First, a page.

All too fast, they were headed out the back door, and Carter was putting the suitcases in the trunk of his Mustang. Josie was glad the morning was still a dark silver-gray. Hopefully it would hide any worry spilling into her eyes. Beside her, Zoe yawned heavily but somehow managed to do so without her grin dissolving.
Carter opened the driver’s-side door and disappeared inside. A second later, the engine revved to life. Buttercup had followed them out. The big dog lumbered over to the car and sat down on his haunches expectantly, waiting to be let inside.
Josie hugged Zoe tightly and planted a dozen kisses on her cheeks. Zoe giggled and dragged a hand over her face.
“It’s going to be alright,” Myra said, hugging her. “Don’t worry about a thing.”
“I won’t. She’s in good hands.”
“Yes, I’ve noticed,” Myra replied, glancing inside the car.
“Yours, Myra. You’re the one I trust with her.”
“I know, dear.”
After another round of hugs, they filed inside. Josie shut the passenger door and stepped back, folding her arms across her chest.
Carter popped out, heading toward the trunk. Rather than stop at it, he kept walking until he reached her. So, he wasn’t not going to say goodbye. Josie opened her mouth, but the words stuck in her throat inexplicably.
Before she registered what was happening, he leaned in and pressed his lips boldly against hers. Startled, she started to pull back just as one of his hands wrapped around the back of her head. He locked his other hand around her hip, drawing her closer into him.
It was a real kiss. Deep and hungry. And it set her insides on fire. For the first time all morning, she wasn’t thinking about planes or fake social security cards or crowded city streets.
Something inside her registered that she should pull away or slap him or something. Even if the feeling of his mouth on hers was perfection.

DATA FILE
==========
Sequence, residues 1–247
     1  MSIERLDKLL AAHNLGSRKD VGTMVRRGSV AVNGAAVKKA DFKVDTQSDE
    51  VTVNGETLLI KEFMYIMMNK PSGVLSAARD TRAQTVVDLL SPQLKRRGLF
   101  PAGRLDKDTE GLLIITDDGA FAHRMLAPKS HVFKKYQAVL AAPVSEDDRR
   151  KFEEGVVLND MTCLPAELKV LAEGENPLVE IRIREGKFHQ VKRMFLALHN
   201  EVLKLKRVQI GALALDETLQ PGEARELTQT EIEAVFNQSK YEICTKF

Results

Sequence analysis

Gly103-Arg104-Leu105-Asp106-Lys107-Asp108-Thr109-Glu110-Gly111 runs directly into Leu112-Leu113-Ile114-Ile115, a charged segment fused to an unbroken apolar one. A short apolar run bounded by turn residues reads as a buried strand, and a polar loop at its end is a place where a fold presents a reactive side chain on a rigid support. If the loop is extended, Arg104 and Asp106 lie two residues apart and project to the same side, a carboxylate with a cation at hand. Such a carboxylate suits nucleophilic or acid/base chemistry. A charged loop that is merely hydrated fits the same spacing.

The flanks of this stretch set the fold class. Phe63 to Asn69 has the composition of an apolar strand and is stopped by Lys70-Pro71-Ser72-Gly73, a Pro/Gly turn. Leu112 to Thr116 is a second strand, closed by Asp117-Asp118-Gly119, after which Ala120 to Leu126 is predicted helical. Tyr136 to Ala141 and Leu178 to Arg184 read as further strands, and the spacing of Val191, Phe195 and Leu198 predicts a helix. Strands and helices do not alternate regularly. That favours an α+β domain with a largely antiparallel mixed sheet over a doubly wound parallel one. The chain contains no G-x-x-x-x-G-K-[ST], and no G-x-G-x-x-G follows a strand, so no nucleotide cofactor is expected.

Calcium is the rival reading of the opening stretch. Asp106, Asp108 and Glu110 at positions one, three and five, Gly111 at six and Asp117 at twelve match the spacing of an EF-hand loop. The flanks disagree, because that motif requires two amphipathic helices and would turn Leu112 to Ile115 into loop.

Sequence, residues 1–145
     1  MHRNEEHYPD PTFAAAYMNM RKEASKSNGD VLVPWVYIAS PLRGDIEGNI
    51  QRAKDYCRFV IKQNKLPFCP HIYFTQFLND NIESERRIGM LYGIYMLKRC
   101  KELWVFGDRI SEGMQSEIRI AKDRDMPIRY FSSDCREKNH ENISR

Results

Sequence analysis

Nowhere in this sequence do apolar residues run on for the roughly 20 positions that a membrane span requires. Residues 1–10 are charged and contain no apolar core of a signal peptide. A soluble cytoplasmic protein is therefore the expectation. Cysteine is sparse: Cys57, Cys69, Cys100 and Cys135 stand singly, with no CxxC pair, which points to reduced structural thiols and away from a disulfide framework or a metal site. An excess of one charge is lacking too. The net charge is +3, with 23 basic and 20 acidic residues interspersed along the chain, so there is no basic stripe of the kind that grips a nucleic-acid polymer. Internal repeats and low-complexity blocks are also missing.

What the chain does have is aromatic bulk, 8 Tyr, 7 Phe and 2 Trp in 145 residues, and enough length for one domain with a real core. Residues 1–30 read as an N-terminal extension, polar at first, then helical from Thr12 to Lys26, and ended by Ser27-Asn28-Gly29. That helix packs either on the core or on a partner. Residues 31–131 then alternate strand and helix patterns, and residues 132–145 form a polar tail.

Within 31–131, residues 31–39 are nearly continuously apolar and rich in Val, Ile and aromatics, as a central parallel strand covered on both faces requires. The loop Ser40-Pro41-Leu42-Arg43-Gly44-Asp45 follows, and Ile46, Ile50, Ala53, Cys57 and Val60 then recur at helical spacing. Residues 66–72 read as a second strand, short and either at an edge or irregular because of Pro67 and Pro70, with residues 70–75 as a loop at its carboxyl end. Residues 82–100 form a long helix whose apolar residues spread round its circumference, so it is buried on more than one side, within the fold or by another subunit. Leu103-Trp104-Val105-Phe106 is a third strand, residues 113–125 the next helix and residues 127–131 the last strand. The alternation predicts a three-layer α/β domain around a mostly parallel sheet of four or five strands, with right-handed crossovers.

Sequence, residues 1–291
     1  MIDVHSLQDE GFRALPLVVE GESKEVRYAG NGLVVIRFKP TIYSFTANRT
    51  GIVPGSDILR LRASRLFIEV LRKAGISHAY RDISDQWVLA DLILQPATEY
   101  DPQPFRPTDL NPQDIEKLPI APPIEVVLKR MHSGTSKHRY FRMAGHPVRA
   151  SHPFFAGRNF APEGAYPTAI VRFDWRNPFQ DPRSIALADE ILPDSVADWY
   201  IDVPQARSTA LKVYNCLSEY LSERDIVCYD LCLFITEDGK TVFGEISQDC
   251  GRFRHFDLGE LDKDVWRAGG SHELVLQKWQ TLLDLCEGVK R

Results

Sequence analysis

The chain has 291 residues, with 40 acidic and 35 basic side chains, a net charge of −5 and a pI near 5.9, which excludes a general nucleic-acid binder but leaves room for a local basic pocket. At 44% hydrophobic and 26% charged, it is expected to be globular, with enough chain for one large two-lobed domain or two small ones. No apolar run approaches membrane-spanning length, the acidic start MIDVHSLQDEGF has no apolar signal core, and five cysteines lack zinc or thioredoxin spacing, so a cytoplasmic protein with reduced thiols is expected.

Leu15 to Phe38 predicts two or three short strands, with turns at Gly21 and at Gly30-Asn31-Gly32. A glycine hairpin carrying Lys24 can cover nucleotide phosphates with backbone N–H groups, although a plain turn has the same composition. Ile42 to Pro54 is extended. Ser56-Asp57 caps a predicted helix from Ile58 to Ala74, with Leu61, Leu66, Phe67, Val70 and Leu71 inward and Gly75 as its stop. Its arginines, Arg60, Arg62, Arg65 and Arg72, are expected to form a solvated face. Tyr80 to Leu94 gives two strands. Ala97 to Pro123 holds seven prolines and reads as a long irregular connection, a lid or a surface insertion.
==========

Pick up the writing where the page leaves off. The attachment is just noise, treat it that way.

He ended it before her body finished warring with her mind and she decided how to react. He pulled away just enough that his mouth was mere inches from hers, and he rested his hands atop her shoulders.
A playful smile formed on his lips, and his teeth gleamed white in the silvery light. “With any luck, that’ll keep you preoccupied until midway through the flight at least. Before you know it, she’ll be safely on the ground, and you’ll be able to enjoy the long weekend.”
He headed back to his side of the car like it never happened, pausing by Buttercup who was still staring at Carter’s door as if waiting for him to pop the seat forward so he could hop in. Carter ruffled his fur. “Good boy, you. Be good for Josie.”
“That’s it?” Josie’s words came out in a squeak.
He turned and winked at her in the silvery light. “For now.”
Then his door was shut, and the Mustang was in reverse. Josie and Buttercup watched them go with, no doubt, the same confused looks on their faces.
Excerpt. © Reprinted by permission. All rights reserved.
Bestselling author Debbie Burns combines her love for rescue dogs with a compelling woman’s journey in her brand new romantic women’s fiction.
Making a fresh start in a new part of the country is challenging, but fate and good fortune lead young single mother Josie Waterhill and her six-year-old daughter to a cozy Midwestern town right on the river. There, Josie can raise Zoe away from the violence of the life she once knew, and make a new home in the historic tea house where they’ve been invited to stay.
The tea house seems too good to be true, until Josie’s elderly landlord Myra welcomes more guests—journalist Carter O’Brien and his giant rescue dog, Buttercup. Carter is charming, compassionate…and way too curious. Carter’s interest in Josie deepens and he inadvertently stirs up trouble when he uncovers things that Josie would rather not have known. Ready or not, Josie has to let go of her painful past so she can create a glorious future.
Meet the Author:
Debbie Burns is an award-winning and bestselling author and 2019 HOLT Medallion Award of Merit recipient. Her highly praised Rescue Me romance series features happily ever afters of the two and four-legged kind. She lives in a gingerbread house that’s almost cute enough to eat in Saint Louis.